An extended car warranty protects you from high repair costs after the manufacturer’s warranty expires. These warranties are available from dealerships, auto clubs and insurance companies (which sell them as mechanical breakdown coverage). They vary widely in cost and terms, but also in what they cover. The best extended car warranties provide peace of mind, limiting your financial risk for a set period of time.
CR members rate the quality of an extended warranty based on its price per year and coverage term length, along with whether it provides extra benefits such as roadside assistance, towing and rental car reimbursement. We also consider a provider’s history of customer service and its ability to pay out claims. An extended warranty can add thousands of dollars to your car’s purchase price, so it’s important to research your options before you sign on the dotted line.
A key thing to look at is how many components and systems are covered. Bumper-to-bumper coverage is the most comprehensive type of warranty, usually covering all major mechanical systems except for a few excluded items. Mid-tier plans offer protection for about a dozen systems, such as air conditioning, electrical and steering. A powertrain warranty covers the engine and transmission, so this is typically recommended for higher-mileage vehicles.
In addition to the plan’s scope, you should read the fine print to determine if it has any exclusions, limitations or deductibles. For instance, some warranties have a large deductible that you must pay out-of-pocket before the warranty kicks in. Others may require that you only use approved repair facilities or that you get pre-authorization from the extended warranty company before having repairs done. You should also check the warranty’s language about situations that could result in denial of coverage, such as not keeping up with recommended maintenance.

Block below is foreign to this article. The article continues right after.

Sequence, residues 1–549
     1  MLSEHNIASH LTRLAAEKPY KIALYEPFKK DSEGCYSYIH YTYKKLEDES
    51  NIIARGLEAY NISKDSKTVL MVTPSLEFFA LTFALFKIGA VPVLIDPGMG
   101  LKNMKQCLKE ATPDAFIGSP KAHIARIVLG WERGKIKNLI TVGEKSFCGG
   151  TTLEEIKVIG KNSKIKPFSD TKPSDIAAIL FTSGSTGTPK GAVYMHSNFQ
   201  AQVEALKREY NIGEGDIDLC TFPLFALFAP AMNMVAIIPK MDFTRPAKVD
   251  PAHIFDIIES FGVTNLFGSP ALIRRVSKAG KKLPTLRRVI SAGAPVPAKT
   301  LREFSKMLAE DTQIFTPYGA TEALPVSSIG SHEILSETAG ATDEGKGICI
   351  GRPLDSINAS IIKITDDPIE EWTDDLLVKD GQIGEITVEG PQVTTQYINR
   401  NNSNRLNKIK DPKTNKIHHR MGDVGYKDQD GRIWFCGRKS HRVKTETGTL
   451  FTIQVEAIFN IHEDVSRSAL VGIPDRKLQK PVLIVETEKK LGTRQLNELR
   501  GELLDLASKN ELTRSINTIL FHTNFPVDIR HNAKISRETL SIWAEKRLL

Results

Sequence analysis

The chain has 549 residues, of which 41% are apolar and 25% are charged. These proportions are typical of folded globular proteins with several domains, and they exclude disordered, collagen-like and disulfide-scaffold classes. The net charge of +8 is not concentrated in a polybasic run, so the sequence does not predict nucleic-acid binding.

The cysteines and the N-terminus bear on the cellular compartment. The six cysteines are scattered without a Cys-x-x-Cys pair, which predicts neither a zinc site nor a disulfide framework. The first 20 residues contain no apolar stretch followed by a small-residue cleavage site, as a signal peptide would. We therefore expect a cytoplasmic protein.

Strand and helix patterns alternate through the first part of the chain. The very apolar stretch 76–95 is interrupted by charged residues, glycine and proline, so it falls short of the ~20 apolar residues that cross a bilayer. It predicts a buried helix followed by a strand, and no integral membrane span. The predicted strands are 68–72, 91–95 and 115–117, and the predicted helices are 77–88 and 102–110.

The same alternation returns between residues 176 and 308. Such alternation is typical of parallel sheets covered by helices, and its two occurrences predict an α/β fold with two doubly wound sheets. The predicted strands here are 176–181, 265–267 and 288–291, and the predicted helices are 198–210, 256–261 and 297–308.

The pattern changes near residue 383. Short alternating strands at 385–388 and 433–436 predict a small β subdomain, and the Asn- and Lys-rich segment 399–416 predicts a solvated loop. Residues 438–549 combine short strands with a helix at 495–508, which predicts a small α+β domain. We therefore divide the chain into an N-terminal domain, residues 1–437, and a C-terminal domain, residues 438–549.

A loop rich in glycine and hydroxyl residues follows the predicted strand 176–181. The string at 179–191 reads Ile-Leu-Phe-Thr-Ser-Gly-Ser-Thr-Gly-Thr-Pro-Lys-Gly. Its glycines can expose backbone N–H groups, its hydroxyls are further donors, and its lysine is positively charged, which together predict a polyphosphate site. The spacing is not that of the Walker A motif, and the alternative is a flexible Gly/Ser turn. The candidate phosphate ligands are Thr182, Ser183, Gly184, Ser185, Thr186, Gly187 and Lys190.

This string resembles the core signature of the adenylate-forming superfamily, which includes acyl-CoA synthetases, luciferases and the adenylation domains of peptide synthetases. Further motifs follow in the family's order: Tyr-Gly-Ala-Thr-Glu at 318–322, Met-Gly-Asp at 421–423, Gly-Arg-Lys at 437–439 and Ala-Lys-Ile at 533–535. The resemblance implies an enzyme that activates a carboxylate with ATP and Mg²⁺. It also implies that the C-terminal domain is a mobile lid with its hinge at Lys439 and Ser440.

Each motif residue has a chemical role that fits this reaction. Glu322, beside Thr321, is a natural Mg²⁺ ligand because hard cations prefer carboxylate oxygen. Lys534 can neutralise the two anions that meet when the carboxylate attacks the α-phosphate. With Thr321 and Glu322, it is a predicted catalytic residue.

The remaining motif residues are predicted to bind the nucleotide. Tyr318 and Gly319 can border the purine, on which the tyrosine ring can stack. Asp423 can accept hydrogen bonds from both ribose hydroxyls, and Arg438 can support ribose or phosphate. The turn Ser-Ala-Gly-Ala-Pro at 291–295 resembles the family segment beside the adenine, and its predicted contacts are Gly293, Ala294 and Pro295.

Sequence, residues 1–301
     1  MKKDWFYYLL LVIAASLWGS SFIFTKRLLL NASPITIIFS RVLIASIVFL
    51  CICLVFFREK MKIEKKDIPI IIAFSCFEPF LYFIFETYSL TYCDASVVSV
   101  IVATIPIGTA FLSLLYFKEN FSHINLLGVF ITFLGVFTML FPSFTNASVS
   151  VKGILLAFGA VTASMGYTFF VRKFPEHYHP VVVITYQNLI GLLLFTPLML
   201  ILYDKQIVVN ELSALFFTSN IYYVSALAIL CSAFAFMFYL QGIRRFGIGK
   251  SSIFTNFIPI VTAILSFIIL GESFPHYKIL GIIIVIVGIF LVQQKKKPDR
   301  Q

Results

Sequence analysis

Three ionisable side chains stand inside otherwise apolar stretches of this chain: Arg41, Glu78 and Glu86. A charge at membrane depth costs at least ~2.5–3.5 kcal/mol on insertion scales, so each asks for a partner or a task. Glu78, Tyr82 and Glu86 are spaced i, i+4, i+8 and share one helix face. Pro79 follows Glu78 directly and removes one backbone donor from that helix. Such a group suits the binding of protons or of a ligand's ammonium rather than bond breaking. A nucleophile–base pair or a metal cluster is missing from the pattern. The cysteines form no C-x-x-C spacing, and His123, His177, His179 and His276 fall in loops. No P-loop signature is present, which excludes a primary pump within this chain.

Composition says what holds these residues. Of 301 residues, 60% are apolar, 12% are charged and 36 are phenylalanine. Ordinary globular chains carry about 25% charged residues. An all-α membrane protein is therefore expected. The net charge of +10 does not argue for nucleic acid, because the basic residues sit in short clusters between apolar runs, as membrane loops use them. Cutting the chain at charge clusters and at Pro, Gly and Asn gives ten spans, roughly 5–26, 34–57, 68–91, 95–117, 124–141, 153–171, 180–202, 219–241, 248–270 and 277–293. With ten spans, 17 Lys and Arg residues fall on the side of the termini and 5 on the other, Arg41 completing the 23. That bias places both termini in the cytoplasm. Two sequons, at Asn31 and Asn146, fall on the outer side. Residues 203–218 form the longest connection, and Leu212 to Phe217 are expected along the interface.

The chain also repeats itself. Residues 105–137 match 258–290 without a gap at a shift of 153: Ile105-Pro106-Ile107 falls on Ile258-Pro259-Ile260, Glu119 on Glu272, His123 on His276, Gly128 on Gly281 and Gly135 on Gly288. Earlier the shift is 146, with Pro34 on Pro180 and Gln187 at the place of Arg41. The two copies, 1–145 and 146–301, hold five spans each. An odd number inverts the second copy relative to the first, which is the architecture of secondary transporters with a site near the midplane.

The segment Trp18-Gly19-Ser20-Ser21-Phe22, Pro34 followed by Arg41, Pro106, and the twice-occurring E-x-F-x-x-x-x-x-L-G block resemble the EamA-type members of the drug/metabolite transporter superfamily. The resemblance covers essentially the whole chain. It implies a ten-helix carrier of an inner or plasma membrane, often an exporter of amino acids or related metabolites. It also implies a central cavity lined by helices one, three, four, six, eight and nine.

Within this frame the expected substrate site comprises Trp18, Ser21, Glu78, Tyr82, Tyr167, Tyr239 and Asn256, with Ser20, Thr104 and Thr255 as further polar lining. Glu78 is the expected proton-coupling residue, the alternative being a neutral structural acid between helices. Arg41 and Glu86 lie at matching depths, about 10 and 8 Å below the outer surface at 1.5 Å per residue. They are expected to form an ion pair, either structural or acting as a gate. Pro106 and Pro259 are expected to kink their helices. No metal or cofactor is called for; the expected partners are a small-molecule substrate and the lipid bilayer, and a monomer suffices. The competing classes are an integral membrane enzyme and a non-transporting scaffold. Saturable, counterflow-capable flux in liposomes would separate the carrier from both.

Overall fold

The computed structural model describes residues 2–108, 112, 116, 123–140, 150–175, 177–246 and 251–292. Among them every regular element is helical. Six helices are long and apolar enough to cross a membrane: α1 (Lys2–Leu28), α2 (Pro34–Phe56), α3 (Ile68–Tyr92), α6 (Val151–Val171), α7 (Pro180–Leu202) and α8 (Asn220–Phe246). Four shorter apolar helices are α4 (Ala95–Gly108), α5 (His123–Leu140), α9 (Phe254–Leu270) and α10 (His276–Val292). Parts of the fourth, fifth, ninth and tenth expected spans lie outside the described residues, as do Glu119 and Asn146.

An extended warranty can be a good idea if you want to limit your financial risk and have the cash to pay for a potential major repair. However, you can also lower your risk by shopping for a reliable vehicle and following the manufacturer’s recommended maintenance schedule. You can also minimize the need for an extended warranty by adding it to your car loan instead of paying for it upfront. You’ll save money in the long run and avoid interest charges.
It’s also important to understand what the warranty will cover and how it works. Check whether it reimburses your auto repair shop directly or requires that you pay upfront and then gets reimbursed, and how quickly reimbursement is made. Also find out how much the warranty costs and whether it includes a deductible, which you’ll need to pay toward the cost of repairs. Some policies also have a depreciation clause that reduces your payout as your car ages. Finally, find out what happens if the seller of the extended warranty goes out of business, since this will likely void your warranty. You can find out these details by searching for reviews of specific extended car warranty providers online or talking to people who have purchased one in the past.